- The concept of an XML document differs from every day notions of a `document'
- How XML documents can be modelled and, hence, validated
- How and why style should be external to the XML document
- How and why XML is processed by parsers and applications
Kay's single page summary of the relationship between XML and its satellite technologies will be particularly welcomed by first-timers seeking to map the XML landscape. Buzzwords and phrases put in their proper place include: `core syntax', `XML specification', XLinks, XHTML, MathML, DTD, XML Schema, XPath, XPointer, XQL, XSL, XSLT, XSL-FO, CSS, DOM, `the XML Information Set', the `XML Fragment Interchange' and SAX.
Finally, Chapter One concludes with an incomparably clear overview of the available tools and techniques for creating, viewing, testing and transforming XML documents. Instead of listing every conceivable XML editor, the author simply gives us short descriptions of the most mature and useful tools: vim, emacs, Arbortext Adept, Framemaker+SGML, XMetal and Conglomerate. No introductory chapter I have read has so clearly set out the functional differences between the various stylesheet languages and perspectives in XML, i.e. CSS, XSL, DSSL, FOSI and proprietary languages like XPP. The same goes for Ray's coverage of the validating parsers used to check XML and the transformation engines used to translate it.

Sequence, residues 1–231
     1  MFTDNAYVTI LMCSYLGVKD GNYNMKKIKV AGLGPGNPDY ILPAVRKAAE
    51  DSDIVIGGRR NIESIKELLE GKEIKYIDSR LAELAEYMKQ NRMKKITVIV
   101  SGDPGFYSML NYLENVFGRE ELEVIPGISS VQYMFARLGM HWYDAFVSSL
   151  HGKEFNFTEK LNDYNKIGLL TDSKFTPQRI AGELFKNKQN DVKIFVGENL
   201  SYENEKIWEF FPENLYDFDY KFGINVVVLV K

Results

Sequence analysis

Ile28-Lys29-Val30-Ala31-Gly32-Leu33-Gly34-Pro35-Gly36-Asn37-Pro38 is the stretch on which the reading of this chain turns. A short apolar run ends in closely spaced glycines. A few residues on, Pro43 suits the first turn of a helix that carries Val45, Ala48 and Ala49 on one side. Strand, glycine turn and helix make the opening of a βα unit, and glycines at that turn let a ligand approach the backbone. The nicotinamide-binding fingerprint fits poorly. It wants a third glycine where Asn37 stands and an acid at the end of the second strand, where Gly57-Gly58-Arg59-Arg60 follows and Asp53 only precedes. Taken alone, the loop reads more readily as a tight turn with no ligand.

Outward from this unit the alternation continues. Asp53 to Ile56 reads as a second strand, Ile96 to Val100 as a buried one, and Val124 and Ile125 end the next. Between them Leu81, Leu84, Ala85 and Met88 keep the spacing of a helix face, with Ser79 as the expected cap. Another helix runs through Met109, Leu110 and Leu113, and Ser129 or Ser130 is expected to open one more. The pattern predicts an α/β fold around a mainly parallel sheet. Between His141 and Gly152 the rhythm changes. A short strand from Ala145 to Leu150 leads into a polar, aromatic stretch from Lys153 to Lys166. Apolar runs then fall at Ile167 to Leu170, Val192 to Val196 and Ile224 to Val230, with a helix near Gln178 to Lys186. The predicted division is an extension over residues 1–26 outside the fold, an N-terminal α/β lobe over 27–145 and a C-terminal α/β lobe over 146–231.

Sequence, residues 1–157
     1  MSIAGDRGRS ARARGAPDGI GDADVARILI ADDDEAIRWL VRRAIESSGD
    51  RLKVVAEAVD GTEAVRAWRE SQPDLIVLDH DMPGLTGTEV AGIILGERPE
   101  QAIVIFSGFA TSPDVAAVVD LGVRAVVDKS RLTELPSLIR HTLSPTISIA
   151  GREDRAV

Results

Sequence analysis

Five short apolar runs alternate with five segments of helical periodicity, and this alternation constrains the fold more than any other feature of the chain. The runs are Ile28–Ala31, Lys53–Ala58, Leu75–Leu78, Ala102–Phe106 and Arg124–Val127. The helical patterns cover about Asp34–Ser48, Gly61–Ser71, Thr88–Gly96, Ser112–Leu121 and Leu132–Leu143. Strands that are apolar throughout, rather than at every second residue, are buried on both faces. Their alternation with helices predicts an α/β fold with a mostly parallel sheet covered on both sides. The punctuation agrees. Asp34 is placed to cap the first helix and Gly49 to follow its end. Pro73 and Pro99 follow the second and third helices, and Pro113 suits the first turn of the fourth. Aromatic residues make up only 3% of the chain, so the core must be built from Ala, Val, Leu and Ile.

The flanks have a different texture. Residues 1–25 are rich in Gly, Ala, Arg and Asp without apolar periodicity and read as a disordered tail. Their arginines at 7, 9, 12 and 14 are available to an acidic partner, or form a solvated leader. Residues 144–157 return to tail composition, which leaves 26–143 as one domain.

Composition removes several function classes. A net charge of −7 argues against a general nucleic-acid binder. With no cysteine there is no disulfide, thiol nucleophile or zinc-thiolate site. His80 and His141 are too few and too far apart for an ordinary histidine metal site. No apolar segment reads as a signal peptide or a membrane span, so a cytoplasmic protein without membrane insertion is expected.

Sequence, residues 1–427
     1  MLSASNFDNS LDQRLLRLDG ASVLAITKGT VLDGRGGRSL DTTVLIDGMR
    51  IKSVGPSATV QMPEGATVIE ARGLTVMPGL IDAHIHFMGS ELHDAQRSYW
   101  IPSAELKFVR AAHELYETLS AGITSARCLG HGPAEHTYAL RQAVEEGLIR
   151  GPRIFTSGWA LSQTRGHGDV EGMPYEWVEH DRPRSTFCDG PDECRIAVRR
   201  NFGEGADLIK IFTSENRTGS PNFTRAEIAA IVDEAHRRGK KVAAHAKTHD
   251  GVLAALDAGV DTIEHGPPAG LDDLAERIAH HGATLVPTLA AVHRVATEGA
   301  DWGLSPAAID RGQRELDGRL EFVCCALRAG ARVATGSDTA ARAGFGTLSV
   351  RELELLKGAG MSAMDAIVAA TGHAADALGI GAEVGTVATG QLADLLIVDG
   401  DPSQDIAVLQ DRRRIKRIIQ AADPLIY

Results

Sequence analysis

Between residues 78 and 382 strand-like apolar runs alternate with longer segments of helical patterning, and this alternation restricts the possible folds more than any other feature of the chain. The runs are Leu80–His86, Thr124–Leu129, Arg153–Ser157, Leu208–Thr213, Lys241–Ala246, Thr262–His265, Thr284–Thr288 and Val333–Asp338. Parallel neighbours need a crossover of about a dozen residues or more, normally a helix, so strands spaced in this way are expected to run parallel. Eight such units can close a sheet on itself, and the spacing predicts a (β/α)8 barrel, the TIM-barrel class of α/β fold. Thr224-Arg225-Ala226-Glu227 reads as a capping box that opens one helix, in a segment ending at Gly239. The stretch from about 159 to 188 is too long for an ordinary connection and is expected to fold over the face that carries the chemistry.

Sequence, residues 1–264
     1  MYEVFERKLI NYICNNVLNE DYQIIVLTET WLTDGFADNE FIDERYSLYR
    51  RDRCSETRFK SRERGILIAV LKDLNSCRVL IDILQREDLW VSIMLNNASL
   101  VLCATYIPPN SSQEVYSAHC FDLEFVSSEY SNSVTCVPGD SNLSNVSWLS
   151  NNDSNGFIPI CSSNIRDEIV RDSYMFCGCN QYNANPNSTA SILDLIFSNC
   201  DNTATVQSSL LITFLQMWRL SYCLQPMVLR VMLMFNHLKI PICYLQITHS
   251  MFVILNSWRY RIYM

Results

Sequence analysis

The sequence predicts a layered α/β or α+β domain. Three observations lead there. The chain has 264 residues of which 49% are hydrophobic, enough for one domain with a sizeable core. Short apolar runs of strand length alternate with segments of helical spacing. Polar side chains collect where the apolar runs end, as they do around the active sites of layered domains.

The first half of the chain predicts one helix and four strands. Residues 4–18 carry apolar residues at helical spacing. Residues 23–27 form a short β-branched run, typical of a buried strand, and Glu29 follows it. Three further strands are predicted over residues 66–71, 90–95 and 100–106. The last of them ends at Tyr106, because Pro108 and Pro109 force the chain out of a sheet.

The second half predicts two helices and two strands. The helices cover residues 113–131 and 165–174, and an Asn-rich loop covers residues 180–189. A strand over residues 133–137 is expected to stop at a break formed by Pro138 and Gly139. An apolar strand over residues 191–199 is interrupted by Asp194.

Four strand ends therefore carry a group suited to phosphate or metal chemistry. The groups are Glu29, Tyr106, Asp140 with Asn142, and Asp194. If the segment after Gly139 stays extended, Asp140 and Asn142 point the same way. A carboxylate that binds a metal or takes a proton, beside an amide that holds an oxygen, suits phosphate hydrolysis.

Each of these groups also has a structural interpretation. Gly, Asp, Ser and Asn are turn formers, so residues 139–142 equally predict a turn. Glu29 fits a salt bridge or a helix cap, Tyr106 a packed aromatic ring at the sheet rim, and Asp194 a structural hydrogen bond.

Chapter Two's discussion of markup and core concepts fills out some ideas introduced in chapter one, whilst introducing some completely new ones. Each of its subsections have consumed entire chapters in other books, e.g.
- XML document structure
- XML elements
- XML attributes
- XML Namespaces
- XML entities
- Processing Instructions (PIs)
- Well-formed documents
- Good mark-up practice
- The DocBook DTD (an XML application)